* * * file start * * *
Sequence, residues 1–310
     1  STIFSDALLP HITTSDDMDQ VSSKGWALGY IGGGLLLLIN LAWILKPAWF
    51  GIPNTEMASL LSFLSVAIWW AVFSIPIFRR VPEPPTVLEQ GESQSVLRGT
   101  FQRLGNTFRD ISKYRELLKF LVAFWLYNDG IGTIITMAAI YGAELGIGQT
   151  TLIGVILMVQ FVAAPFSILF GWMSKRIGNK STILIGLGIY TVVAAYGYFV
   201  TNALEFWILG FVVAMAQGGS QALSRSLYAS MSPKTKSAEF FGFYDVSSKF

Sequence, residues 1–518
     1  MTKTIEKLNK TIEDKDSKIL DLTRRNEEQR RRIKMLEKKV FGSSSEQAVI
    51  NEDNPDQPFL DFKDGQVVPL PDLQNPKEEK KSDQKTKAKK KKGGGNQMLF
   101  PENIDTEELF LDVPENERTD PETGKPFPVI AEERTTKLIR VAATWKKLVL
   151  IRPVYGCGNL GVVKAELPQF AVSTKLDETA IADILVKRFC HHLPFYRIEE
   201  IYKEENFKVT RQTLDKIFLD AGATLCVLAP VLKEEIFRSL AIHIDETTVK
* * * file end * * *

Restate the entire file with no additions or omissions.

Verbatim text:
Sequence, residues 1–310
     1  STIFSDALLP HITTSDDMDQ VSSKGWALGY IGGGLLLLIN LAWILKPAWF
    51  GIPNTEMASL LSFLSVAIWW AVFSIPIFRR VPEPPTVLEQ GESQSVLRGT
   101  FQRLGNTFRD ISKYRELLKF LVAFWLYNDG IGTIITMAAI YGAELGIGQT
   151  TLIGVILMVQ FVAAPFSILF GWMSKRIGNK STILIGLGIY TVVAAYGYFV
   201  TNALEFWILG FVVAMAQGGS QALSRSLYAS MSPKTKSAEF FGFYDVSSKF

Sequence, residues 1–518
     1  MTKTIEKLNK TIEDKDSKIL DLTRRNEEQR RRIKMLEKKV FGSSSEQAVI
    51  NEDNPDQPFL DFKDGQVVPL PDLQNPKEEK KSDQKTKAKK KKGGGNQMLF
   101  PENIDTEELF LDVPENERTD PETGKPFPVI AEERTTKLIR VAATWKKLVL
   151  IRPVYGCGNL GVVKAELPQF AVSTKLDETA IADILVKRFC HHLPFYRIEE
   201  IYKEENFKVT RQTLDKIFLD AGATLCVLAP VLKEEIFRSL AIHIDETTVK